Urgent actions, comprehensive cooperation needed for climate goals

(VOVWORLD) - The 28th Conference of Parties to the United Nations Framework Convention on Climate Change (COP28) is taking place from November 30 to December 12 in Dubai, the UAE. COP28 has achieved some significant results in the first few days of meeting, but the world is still demanding more drastic action and comprehensive cooperation toward climate goals.

Urgent actions, comprehensive cooperation needed for climate goals - ảnh 1(Photo: cleanenergycapital.co.uk)

COP28 has established a "Loss and Damage Fund" to compensate the countries most vulnerable to climate change, adopted the Dubai Declaration on sustainable agricultural development, builded a new global food system involving 130 countries which is more resilient to climate change, and raised 800 million USD to deal with tropical diseases that global warming is stoking.

However, the key issues of cutting emissions, eliminating fossil fuels, and tripling renewable energy by 2030 have not seen any real progress.

Urgent actions, comprehensive cooperation needed for climate goals - ảnh 2UN Secretary General Antonio Guterres address COP 28 in Dubai. (photo: AP)

Fossil fuel

In his speech at the Climate Action Summit delivered to 140 heads of state and national leaders, UN Secretary General Antonio Guterres emphasized the elimination of fossil fuels. He cited recent UN reports which indicate the earth is now 1.4 degrees Celsius above the pre-industrial baseline and is on track to warm another 3 degrees Celsius by the end of this century. He called on countries to immediately establish a roadmap for eliminating fossil fuels, and said fossil energy companies cannot continue to avoid their responsibility.

"I have a message for fossil fuel company leaders: Your old road is rapidly aging. Do not double-down on an obsolete business model. Lead the transition to renewables. Make no mistake: the road to climate sustainability is also the only viable pathway to the economic sustainability of your companies," said Mr. Guterres.

The leaders of some countries most affected by climate change proposed a COP28 treaty on non-proliferation of fossil fuels, based on the model and binding mechanism of the nuclear Non-Proliferation Treaty.

Prime Minister of the Caribbean island nation of Antigua and Barbuda, Gaston Browne, said that the environmental crisis was a "glaring testament to a world where profits are prioritised over people and planets. "It is a world where oil and gas conglomerates, shielded by the power of wealthy nations, continue to reap astronomical profits, while the survival of nations like ours hangs in the balance," said Browne.  

The call to eliminate fossil fuels, the focus of the first few days of COP28, stirred up a lot of controversy. The leaders of some countries and organizations, including the UAE, said there is not strong enough scientific evidence to justify eliminating fossil fuels and hastily eliminating fossil fuels will put a huge economic burden on developing countries.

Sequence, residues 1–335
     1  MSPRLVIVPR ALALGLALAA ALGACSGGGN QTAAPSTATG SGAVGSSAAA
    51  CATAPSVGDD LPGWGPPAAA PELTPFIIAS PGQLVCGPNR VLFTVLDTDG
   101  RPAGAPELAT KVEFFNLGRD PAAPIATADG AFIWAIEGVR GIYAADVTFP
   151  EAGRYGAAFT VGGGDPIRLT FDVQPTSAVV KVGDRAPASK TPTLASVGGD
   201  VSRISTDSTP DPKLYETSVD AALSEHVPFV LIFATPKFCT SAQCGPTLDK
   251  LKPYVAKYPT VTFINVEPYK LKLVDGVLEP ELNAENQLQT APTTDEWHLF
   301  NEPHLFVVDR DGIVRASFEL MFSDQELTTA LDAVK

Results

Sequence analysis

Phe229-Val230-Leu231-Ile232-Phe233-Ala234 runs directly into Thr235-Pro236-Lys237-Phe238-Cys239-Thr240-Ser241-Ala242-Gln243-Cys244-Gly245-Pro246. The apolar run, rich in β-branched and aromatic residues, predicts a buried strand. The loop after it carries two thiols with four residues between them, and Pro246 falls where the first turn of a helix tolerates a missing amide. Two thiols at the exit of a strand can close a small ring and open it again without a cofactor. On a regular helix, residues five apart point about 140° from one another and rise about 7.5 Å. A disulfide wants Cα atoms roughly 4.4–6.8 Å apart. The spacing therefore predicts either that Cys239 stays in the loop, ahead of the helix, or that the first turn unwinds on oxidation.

Renewable energy

While the issue of eliminating fossil fuels sparked controversy and ended in deadlock, most countries supported accelerating energy transition.

More than 120 countries have signed on to the Global Commitment to triple renewable energy output and double energy efficiency by 2030. The UAE announced a 30-billion-USD fund to expand renewable energy in developing countries. The European Union said it will provide 2.5 billion USD in the next two years for energy transition in other countries, and UK Prime Minister Rishi Sunak pledged over 2 billion USD for the Green Energy Fund. However, President of the European Commission Ursula von der Leyen said these commitments to renewable energy and green energy are less than what is needed.

"In some countries, the cost of capital for renewables is prohibitively high. That is the message I took away from the African Climate Summit in Nairobi. We need to unlock the necessary financial support for countries that need it," said von der Leyen.

Many world leaders pointed out that donations promised by most countries and organizations have not yet been delivered. UK Prime Minister Rishi Sunak said that the mounting science and evidence of climate related disasters prove we are not moving fast enough, added that “everyone can do more".

 Brazilian President Lula da Silva said that failing to honor commitments erodes the credibility of the entire multilateral system. He called on all parties to act immediately and cooperate more comprehensively. In particular, he said, countries with shared interests should undertake their own action programs, and not rely on the promises of developed countries.

With that in mind, the G77 group of developing countries organized a separate conference to discuss their own cooperative efforts. Representatives of countries in the world's three largest river basins (Amazon in South America, Congo in Africa, and Borneo-Mekong in Southeast Asia) promoted an agenda to protect tropical rainforests and biodiversity.

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